One result of the trend is the relative rise of the stocks of renewable companies following the Russian invasion of Ukraine at the end of February 2022, as seen in Figure 4.

Figure 4 – European stock prices of renewables (Source: Bloomberg)

Replacing carbon-emitting fossil fuels with sustainable energy is not the only way to reduce carbon footprints and thus mitigate climate change. Reducing energy intensity through increased energy efficiency, is another (see the May 31, 2022 blog on Electric Utilities through the Lens of the IPAT identity). I will return to this issue in future blogs, as we accumulate some more data.

About climatechangefork

Micha Tomkiewicz, Ph.D., is a professor of physics in the Department of Physics, Brooklyn College, the City University of New York. He is also a professor of physics and chemistry in the School for Graduate Studies of the City University of New York. In addition, he is the founding-director of the Environmental Studies Program at Brooklyn College as well as director of the Electrochemistry Institute at that same institution.
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7 Responses to Will Our Children and Grandchildren be Grateful and Think Well of Us??

  1. Carina Alessandro says:

    I do wonder if the shift away from replacing coal to more exclusively replacing fossil fuels is more due or that there’s less coal use left to replace, or that coal is cheaper and natural gas pricier.

  2. Upcoming generation is looks like advance minds and having sharp thinking.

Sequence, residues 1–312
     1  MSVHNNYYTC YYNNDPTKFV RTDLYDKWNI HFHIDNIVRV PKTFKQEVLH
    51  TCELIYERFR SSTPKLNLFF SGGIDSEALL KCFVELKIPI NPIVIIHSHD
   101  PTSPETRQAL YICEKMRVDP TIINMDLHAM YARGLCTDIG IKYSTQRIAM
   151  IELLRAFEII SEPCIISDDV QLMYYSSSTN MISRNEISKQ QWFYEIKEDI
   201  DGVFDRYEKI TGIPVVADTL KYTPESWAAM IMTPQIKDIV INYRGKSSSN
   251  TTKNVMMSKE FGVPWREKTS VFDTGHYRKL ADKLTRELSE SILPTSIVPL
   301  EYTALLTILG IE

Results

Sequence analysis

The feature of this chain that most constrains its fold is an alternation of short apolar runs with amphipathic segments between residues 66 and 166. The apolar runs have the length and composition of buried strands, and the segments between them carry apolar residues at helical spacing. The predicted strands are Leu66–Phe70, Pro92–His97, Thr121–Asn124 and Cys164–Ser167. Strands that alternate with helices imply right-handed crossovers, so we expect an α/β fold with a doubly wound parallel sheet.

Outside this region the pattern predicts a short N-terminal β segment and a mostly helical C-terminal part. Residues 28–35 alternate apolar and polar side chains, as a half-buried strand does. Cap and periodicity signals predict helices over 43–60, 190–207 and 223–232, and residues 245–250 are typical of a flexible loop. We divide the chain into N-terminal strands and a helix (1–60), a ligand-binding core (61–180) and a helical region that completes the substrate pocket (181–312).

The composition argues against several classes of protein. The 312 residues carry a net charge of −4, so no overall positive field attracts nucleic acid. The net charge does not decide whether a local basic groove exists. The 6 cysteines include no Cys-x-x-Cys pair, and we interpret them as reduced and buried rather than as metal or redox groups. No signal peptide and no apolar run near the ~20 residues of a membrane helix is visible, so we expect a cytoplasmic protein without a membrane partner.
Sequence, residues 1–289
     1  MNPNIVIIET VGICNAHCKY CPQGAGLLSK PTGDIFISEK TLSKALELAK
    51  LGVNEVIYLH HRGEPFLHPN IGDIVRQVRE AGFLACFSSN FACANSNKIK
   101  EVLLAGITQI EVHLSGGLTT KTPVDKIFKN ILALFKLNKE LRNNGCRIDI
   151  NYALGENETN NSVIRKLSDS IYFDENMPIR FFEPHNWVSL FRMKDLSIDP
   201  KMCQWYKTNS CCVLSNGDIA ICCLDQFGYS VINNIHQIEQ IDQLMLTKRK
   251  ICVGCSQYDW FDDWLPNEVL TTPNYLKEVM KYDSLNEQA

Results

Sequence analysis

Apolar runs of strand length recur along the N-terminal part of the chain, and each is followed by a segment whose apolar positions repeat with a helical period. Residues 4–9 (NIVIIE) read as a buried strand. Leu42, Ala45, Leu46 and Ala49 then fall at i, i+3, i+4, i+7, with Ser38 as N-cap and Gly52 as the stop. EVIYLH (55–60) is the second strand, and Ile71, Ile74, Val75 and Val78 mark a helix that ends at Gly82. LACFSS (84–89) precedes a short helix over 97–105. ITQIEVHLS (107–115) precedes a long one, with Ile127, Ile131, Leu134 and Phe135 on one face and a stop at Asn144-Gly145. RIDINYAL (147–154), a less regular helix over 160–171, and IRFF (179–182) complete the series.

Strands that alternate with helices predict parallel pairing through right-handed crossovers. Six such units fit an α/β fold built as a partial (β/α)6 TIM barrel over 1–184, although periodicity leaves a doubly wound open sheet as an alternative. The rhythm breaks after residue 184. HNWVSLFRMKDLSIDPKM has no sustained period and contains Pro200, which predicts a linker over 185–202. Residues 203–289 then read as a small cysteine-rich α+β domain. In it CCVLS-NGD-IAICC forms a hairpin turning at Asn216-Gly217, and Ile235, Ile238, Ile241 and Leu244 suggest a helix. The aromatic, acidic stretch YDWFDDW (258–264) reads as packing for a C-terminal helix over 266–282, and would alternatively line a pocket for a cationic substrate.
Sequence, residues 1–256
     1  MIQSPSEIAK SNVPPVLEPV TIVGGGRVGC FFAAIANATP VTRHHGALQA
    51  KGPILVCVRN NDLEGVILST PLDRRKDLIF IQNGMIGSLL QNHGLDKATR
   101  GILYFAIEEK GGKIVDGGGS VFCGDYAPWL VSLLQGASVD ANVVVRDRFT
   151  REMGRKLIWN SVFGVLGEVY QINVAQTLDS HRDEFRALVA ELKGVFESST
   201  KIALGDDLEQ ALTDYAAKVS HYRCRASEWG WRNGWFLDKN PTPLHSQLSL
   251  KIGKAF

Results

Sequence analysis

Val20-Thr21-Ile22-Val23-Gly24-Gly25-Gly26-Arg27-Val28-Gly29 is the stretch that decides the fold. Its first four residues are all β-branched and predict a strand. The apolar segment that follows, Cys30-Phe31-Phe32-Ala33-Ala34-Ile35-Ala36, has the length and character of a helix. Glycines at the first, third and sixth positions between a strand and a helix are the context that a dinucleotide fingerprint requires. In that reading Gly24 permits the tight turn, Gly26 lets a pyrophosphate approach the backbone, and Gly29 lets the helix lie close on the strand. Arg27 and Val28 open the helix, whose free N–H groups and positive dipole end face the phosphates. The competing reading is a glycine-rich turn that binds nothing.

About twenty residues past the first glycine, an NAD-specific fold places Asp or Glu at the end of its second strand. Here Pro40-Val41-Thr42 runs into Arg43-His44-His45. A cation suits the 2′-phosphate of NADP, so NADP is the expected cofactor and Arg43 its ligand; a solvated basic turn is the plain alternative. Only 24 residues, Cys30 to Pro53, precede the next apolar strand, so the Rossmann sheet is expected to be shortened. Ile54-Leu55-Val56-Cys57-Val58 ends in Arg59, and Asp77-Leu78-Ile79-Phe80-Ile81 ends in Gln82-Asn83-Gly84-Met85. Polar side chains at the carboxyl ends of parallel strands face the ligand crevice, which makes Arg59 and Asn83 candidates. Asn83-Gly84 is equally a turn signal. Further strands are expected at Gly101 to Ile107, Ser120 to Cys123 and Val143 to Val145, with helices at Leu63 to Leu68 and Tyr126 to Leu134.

maybe upcoming generation is good.

  3. climatechangefork says:

    Micha Tomkiewicz
    Here is my chatGPT question and response:
    In 1500 words – please describe what are the steps that can be taken to accelerate the shift towards renewable energy and overcome the barriers to achieving a net-zero emissions energy system by 2050
    The shift towards renewable energy and achieving a net-zero emissions energy system by 2050 is a complex and multifaceted challenge that requires action on multiple fronts. Some key steps that can be taken to accelerate this transition include:

    Increasing investment in renewable energy research and development: To make renewable energy sources such as solar and wind power more cost-effective and competitive with fossil fuels, governments and private sector organizations must invest in research and development to improve the efficiency and scalability of these technologies.

    Implementing policies to support the deployment of renewable energy: Governments can create a favorable regulatory environment for the deployment of renewable energy by implementing policies such as feed-in tariffs, renewable portfolio standards, and tax incentives for the development of renewable energy projects.

    Investing in energy storage technologies: To make renewable energy sources more reliable, governments and private sector organizations must invest in energy storage technologies such as batteries and hydrogen fuel cells. This will allow for the storing of excess renewable energy that can be used during times when renewable energy sources are not available.

    Encouraging the use of electric vehicles: Electric vehicles are a key component of a net-zero emissions energy system, as they can be powered by electricity generated from renewable sources. Governments can encourage the use of electric vehicles by providing incentives for consumers and businesses to purchase them, and by investing in the development of charging infrastructure.

    Promoting energy efficiency: Reducing energy consumption is a crucial step in achieving a net-zero emissions energy system. Governments and businesses can promote energy efficiency by implementing energy-efficient building codes, offering financial incentives for energy-efficient upgrades, and providing education and awareness campaigns to encourage energy conservation.